It’s nearly impossible to quantify the ways in which HBO’s “Game of Thrones” has reinvented the fantasy genre on television. Now in its fifth season, the HBO juggernaut has garnered massive ratings and millions of fans worldwide. There’s truly something for everyone, with death, romance, sex, family feuds, epic battles, and a trio of fire-breathing dragons.
SEE MORE: From the April 14, 2015 issue of Variety
But back in 2005, screenwriters David Benioff and D.B. Weiss were a pair of untested showrunners who’d fallen in love with George R.R. Martin’s epic series. They pitched themselves to the novelist over a lengthy lunch at Hollywood’s Palm that stretched out into dinner. When they passed his pop quiz — correctly answering “Who is Jon Snow’s mother?”— they won the right to convert the novels into a TV series.
Yet their road from fans to filmmakers wasn’t always a smooth one. Here, they recount their crash course in bringing the famously long novels — the shortest one clocks in at just under 1,000 pages — to the screen.
These books were considered unproduceable. Why did you think you could do the impossible?
David Benioff: It’s like that thing when somebody says something you would rather not hear. You hear it, but you don’t really process it. You just kind of skate right over that part that runs counter to your wishes.
We thought fantasy is the most successful genre in the world. If you look at the huge franchises of the last decade or two, whether it’s “Lord of the Rings” or “Harry Potter,” those movies are all built for a younger audience. (George R.R. Martin’s) books were so adult, not just in terms of the sexuality and the violence but the themes — the idea that it’s not about the conflict of good and evil. You might look at the Starks as being the noble family and the Lannisters as being the more sinister family, but Tyrion Lannister (played in the series by Peter Dinklage) is probably the most popular character, and the Starks make a huge number of mistakes. Catelyn Stark (Michelle Fairley), the beloved matriarch, is consumed with her hatred for this poor kid Jon Snow (Kit Harington), who has done nothing wrong to her. He’s just, unfortunately for him, born a bastard.
The more we read, the more we thought, God, if we could just get this going, we really think people would be addicted to the show in the way that we are addicted to the books.
But before you could move forward, you had to win over George R.R. Martin. What was his take on your meeting?
D.B. Weiss: I think he enjoyed the steak. (Laughs.) He sits down with anybody at any studio or any network, and they’re all going to tell him the same thing: “It’s great. We love your work. We think you’re a genius.”
I think with us, he understood that we didn’t have to fake anything. We had become instantly and genuinely obsessed with his books to the point where we knew lots and lots about the minutia of them — and then he asked us the question about Jon Snow’s parentage. Maybe if we had gotten it wrong, he would have let us do it anyway. It was still obvious that we love this, and that we wanted to do it more than anything in the world, and that we would respect it and honor it. I think getting (the answer) right probably helped. It’s crazy to think about how long ago that was, and that I can still see who was sitting where.
Yet once you sold it to HBO, things didn’t go as planned. Your first pilot had to be reshot.
Weiss: After you do this for a while, you get used to things not working the way you want them to. There’s a job you want, and you don’t get it. There’s a movie you’d like to get made, and it doesn’t get made. You become inured to it. With this, there was a fresh kind of terror that came with the idea that we might get so close to getting this done, and have it snatched away at the last possible minute.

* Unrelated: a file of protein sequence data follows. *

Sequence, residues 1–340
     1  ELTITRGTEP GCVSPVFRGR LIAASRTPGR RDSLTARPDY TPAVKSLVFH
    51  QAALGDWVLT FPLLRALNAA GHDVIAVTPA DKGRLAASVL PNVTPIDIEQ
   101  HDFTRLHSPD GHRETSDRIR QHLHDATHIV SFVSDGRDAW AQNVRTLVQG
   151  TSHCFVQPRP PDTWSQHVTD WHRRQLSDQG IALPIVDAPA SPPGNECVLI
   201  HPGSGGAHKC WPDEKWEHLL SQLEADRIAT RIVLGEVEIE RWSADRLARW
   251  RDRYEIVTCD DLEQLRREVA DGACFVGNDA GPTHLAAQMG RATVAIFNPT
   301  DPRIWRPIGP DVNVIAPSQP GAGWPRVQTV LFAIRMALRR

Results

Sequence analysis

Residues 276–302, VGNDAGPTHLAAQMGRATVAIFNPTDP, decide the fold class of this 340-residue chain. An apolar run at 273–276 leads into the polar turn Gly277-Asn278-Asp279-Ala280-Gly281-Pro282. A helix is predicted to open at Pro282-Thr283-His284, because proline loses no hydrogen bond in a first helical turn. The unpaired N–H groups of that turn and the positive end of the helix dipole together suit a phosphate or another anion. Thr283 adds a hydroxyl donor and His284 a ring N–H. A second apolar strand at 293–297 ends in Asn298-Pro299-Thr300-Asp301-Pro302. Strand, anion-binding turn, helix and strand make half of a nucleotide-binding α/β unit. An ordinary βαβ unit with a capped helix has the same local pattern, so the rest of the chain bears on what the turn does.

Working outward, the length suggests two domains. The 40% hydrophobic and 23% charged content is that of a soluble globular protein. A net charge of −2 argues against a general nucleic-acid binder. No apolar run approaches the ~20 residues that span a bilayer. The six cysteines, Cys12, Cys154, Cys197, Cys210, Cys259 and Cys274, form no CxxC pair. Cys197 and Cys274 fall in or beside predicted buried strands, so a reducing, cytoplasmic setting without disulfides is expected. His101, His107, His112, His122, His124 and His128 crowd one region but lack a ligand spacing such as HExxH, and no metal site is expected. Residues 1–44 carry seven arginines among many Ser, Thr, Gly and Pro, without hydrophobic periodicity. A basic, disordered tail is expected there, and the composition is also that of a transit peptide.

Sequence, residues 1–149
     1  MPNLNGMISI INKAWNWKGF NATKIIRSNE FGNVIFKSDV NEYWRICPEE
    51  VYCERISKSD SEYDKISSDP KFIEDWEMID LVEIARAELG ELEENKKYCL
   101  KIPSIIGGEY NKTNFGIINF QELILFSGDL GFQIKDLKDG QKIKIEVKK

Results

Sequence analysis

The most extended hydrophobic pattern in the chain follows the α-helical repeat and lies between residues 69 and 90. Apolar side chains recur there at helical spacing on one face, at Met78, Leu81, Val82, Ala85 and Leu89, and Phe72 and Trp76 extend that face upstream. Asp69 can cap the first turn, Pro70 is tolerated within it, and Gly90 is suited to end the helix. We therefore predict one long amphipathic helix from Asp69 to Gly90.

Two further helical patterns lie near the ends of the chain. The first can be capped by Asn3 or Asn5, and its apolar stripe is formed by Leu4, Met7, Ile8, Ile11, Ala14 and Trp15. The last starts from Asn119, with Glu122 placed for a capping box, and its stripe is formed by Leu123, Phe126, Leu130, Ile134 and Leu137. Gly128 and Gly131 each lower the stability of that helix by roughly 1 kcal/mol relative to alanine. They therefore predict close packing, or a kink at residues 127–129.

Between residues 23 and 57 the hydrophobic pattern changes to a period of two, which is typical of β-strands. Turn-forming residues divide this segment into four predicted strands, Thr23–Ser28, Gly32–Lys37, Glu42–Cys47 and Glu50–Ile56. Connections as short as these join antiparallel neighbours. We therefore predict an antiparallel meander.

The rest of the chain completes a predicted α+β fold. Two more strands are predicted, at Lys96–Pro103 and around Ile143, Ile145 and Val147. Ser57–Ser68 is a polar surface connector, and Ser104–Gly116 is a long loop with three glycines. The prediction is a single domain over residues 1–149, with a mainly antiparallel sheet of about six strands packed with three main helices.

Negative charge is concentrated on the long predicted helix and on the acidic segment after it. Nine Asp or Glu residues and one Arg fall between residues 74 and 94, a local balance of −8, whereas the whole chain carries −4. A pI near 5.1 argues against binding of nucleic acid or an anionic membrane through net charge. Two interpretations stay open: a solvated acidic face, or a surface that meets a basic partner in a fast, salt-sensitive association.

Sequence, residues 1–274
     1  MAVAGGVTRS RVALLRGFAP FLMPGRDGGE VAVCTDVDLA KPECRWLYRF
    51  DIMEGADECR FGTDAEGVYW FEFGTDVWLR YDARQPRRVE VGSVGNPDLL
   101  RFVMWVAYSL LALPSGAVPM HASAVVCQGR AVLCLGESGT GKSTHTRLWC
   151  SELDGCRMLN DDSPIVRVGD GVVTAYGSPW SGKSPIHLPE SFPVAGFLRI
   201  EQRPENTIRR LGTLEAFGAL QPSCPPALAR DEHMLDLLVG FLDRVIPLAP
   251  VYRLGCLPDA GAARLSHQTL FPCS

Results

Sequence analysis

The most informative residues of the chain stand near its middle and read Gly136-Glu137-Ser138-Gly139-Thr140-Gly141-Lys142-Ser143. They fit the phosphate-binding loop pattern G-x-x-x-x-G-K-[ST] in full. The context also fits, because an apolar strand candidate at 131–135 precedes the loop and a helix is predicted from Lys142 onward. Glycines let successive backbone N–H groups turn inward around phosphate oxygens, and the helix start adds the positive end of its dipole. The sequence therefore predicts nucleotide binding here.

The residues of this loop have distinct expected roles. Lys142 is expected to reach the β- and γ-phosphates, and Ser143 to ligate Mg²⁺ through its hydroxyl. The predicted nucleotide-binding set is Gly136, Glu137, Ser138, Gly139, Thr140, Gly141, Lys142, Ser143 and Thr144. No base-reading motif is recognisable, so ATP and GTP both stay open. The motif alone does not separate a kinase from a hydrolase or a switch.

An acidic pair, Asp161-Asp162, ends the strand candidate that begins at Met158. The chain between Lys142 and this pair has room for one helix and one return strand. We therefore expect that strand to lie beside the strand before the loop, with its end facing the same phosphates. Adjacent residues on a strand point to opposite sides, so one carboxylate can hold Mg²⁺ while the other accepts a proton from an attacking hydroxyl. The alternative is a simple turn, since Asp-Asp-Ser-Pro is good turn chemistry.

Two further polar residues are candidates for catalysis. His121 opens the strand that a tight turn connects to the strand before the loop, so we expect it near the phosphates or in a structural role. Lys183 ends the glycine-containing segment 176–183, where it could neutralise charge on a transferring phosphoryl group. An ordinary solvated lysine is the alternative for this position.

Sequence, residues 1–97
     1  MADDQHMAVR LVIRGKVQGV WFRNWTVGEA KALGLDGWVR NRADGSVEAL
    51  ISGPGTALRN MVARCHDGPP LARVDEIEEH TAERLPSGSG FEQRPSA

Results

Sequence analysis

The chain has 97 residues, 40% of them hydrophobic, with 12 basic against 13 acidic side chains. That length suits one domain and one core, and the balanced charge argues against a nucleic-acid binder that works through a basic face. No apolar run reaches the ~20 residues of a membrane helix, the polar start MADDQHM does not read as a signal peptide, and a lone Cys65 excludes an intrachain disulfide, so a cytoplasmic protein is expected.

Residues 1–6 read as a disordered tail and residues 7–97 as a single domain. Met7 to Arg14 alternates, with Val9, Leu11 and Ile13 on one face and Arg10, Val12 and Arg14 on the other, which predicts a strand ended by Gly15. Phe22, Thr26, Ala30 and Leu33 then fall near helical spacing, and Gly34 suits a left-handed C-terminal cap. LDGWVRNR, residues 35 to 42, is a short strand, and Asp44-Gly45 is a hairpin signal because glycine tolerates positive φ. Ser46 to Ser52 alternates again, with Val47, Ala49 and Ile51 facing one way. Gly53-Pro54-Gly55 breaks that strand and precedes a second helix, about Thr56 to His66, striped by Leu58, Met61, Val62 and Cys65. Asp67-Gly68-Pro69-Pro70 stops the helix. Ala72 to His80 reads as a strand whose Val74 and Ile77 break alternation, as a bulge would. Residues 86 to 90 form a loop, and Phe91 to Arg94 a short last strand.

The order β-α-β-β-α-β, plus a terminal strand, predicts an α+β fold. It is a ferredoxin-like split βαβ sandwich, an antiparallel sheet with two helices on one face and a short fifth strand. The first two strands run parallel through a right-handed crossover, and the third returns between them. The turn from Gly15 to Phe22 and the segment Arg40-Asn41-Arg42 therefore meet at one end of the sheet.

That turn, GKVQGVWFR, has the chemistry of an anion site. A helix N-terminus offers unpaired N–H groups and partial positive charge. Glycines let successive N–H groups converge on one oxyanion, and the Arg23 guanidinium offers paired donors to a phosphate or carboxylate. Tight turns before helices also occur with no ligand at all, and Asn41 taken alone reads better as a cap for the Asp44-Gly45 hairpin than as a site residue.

HBO was really on the fence about whether or not they were going to let this go to series, and those were four of the longest months of both of our lives — sitting there thinking every day that this thing that was a once-in-a-lifetime opportunity that’s never going to come by again, and we f—ed it up. It would be one of those big fish stories, those one-that-got-away stories, you’d be telling for the rest of your life.
What did you learn from that failed pilot?
Benioff: God, we got everything wrong on a very basic level with the writing of it. We brought three of our friends over just to get a reaction from them. Watching them watch the pilot was a deeply humiliating, painful experience, because these are very smart individuals, and it just clearly wasn’t working for any of them on a very basic level.
At the very end of the pilot, Jaime Lannister (Nikolaj Coster-Waldau) pushes Bran (Isaac Hempstead-Wright) out the window. Jaime is lying with his sister, Cersei (Lena Headey), and none of (our friends) realized that Jaime and Cersei were brother and sister, which is a major, major plot point that we had somehow failed to establish.
Weiss: We’ve learned a lot about how information needs to flow effectively amongst a group of people. They need to be fed information, and it needs to be on this constant conveyor belt. The conveyor belt wasn’t moving fast enough, and people weren’t getting what they needed in a timely fashion. We learned how to make decisions more quickly and how to streamline that process.
Benioff: That first year felt very probationary. It was like, all right, these guys are probably not very good at this. Let’s see what they can do. We’ve already sunk a lot of money into this pilot. Might as well get one season out of it.
Weiss: We knew that a lot of the dysfunction that had characterized the initial process wasn’t there anymore. Everybody has a really great, warm fuzzy feeling and thinks they’re doing God’s work, and then they end up with a turd. So we had no idea whether or not we had a warm, fuzzy turd on our hands for a long time.
You’re now at a point where you’ve caught up with the books. What does that mean for the future?
Benioff: Season five is still very much within the books for the most part. The very first scene of the season and the very last scene of the season are book scenes. It’s more season six that’s going to be diverging a bit.
We’ve had a lot of conversations with George, and he makes a lot of stuff up as he’s writing it. Even while we talk to him about the ending, it doesn’t mean that that ending that he has currently conceived is going to be the ending when he eventually writes it.
Weiss: It’s like looking at a landscape and saying, “OK, there’s a mountain over there, and I know that I’m getting to that mountain.” There’s an event that’s going to happen, and I know that I’m moving in the general direction of that event, but what’s between where I’m standing now and that thing off on the horizon, I’m not totally sure. I’ll know when I get there, and then I’ll see what the terrain looks like around me and I’ll choose my path once I get closer to it. He figures a lot of this stuff as he goes. He always says he’s a gardener, not an architect.
You’ve had to make your own editing choices as you’ve made the show.